1 small red pepper (or 1/2 large), diced
1 package frozen chopped spinach (10 oz.)
2 cloves garlic, minced
1 egg
1 square of matzah, crushed
1 tsp kosher salt
dash of black pepper and cayenne

Steam cubed potatoes in a colander, covered, over boiling water until tender, approximately 10 minutes. Cool and mash.

Cook spinach according to package instructions. Drain thoroughly and set aside to cool.

In a medium bowl, combine mashed potatoes and diced red pepper. Add in spinach, garlic, egg, crushed matzah, 1/2 tsp of the salt and some black pepper. Spray a large cookie sheet with cooking spray. Form mixture into patties and place on the sheet. The mixture should stick together without sticking to you. Sprinkle remaining salt over the potato cakes along with some more pepper and a dash of cayenne on each.

Broil (remember to keep your oven door partially open) at the top of the oven for 9 minutes, then carefully turn patties over with a spatula (don’t burn yourself!) and broil for an additional 4 minutes.

Serve, sprinkling with more salt and/or pepper as needed.

In Search of Energy – "Soldiers" to the Rescue

My husband and I are trying (I repeat, “trying”) to get into a gym routine and be more active on a regular basis. As you might imagine, this is a difficult task for someone who takes as much pleasure in baking (and eating) as I do! But I’m fairly certain I’m not the only person who struggles with that, right? (I’m hoping for a chorus of “Amens” here!)

eggs, before boiling

I was thinking about foods that I could make that might raise our energy level while being somewhat light and not weighing us down. I was also considering what to do with those hard-boiled eggs leftover from Easter. This also led me to remember something that my mom used to make on occasion when I was little.

My mom called them “Soldiers,” but a quick googling of “Soldiers” plus “hard-boiled eggs” led me to an odd dish from the UK where buttered strips of toast are dipped into soft-boiled egg yolk.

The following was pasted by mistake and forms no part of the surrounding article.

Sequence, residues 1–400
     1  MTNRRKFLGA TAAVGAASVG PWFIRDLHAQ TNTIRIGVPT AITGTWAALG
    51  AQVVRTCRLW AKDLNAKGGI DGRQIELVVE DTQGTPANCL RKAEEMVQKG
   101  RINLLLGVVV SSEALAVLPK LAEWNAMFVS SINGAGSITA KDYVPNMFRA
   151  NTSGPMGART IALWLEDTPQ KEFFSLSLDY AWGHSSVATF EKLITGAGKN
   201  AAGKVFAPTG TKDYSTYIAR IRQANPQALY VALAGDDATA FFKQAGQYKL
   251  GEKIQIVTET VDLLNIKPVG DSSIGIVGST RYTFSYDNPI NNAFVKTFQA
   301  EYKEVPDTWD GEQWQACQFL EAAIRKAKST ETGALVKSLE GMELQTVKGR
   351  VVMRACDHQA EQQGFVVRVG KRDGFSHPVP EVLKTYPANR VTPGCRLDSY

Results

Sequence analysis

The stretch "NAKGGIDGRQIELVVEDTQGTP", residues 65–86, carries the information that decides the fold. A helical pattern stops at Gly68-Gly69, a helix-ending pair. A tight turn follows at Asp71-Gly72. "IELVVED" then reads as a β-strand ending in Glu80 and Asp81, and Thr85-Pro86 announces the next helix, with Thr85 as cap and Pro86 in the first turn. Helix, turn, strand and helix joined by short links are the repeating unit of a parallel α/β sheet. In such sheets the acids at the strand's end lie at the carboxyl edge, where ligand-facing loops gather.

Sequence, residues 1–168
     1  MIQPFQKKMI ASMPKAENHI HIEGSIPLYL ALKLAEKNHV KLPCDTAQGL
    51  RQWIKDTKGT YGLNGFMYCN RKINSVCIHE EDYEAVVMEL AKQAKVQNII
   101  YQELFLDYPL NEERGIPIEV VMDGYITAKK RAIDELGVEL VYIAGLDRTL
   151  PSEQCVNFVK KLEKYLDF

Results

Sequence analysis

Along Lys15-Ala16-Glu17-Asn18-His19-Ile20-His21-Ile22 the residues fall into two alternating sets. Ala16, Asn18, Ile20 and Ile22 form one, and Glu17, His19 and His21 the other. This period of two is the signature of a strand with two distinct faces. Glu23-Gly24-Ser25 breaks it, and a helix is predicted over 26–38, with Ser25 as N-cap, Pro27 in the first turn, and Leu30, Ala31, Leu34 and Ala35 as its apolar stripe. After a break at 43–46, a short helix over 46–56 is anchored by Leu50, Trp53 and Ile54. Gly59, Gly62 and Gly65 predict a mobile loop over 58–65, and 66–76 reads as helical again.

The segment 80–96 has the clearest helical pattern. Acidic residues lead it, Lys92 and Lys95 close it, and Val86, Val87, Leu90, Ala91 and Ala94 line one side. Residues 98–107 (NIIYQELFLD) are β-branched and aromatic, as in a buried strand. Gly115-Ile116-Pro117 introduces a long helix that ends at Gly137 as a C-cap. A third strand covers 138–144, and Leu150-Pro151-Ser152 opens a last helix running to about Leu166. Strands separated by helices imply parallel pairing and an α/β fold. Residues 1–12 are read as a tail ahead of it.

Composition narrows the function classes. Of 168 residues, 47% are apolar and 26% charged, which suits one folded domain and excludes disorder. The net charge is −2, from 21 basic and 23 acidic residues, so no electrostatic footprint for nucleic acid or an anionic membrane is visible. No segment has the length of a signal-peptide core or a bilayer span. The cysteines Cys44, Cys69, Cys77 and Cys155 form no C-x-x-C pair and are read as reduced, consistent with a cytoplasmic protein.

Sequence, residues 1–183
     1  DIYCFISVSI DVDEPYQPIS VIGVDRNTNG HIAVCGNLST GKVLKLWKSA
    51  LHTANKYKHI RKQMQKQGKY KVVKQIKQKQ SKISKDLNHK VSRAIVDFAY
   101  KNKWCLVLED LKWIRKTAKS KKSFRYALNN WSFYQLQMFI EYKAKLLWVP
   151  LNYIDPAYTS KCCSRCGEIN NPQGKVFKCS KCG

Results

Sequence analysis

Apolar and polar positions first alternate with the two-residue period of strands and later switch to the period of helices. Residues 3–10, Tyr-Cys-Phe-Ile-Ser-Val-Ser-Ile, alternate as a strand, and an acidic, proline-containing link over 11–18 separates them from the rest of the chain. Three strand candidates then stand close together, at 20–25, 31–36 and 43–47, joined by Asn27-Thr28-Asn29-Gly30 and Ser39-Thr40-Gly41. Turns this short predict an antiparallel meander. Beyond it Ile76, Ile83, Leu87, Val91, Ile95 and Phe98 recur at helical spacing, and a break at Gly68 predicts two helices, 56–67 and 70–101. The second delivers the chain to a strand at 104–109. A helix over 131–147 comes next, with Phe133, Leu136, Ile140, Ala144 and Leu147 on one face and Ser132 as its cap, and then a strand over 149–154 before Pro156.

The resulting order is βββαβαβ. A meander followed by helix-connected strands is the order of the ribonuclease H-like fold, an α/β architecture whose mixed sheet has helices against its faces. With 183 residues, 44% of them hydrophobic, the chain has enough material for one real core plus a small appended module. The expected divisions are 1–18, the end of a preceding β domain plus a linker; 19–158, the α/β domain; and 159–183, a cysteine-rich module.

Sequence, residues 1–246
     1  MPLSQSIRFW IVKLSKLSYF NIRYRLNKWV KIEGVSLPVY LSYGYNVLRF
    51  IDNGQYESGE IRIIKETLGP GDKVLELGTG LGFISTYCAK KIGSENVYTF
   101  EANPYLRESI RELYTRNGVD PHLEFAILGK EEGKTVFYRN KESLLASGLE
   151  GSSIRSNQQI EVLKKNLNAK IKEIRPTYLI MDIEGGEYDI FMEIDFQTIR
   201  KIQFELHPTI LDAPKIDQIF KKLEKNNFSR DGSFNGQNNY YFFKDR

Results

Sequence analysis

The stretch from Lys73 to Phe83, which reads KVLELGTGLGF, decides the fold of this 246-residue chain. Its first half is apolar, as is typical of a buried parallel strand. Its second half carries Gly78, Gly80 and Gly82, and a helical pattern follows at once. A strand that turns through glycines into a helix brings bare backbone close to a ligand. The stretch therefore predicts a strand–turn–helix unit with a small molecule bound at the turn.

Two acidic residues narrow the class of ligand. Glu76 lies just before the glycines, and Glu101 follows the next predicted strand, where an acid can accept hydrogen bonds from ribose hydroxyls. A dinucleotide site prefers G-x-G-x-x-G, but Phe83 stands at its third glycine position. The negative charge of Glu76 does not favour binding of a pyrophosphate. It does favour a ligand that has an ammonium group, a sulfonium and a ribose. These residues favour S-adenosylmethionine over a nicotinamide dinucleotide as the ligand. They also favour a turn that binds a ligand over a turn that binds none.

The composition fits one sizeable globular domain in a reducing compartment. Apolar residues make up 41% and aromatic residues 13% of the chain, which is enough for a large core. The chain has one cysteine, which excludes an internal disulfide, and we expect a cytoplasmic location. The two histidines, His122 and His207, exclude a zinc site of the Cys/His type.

hard-boiled eggs

There actually are some similarities between what my mom refers to as Soldiers and the UK version – I wonder (and will have to ask) whether this recipe is something that was passed down and changed throughout generations like a game of telephone.

cubed bread

In any event, this really hit the spot! Eggs are a great source of protein, especially if you don’t eat meat. As long as you enjoy eggs in moderation (like most things), you shouldn’t run into any issues with cholesterol. I’m not sure exactly how to describe the taste – it’s a very simple dish with the egg yolk and pepper being the two flavors that jump out most distinctly to me. As a kid I remember thinking it was just a really fun thing to eat. It’s definitely light and is great to enjoy either an hour before a workout or after.



serves 2

3 large eggs
4 slices of your favorite bread, ends cut off
butter or margarine
salt and pepper, to taste

To hard boil the eggs – Place the three large eggs in a medium saucepan and add cold water until eggs are just completely covered. Set to high heat. When water with eggs starts to boil, remove the pan from heat and cover with a lid. Let the pan sit for about 12 minutes. Run eggs under cold water to cool. Cold hard-boiled eggs are easier to peel.

To peel eggs, roll on a flat surface (like your kitchen counter) with the palm of your hand, pressing down gently. When the shell cracks it should be fairly easy to peel off. When eggs are peeled, cut into cubes.

Stack slices of bread and trim off ends. Butter one side of each slice and cut bread into cubes. Add to a medium size bowl and then add egg pieces. Season generously with pepper and add a bit of salt. Toss to combine and serve.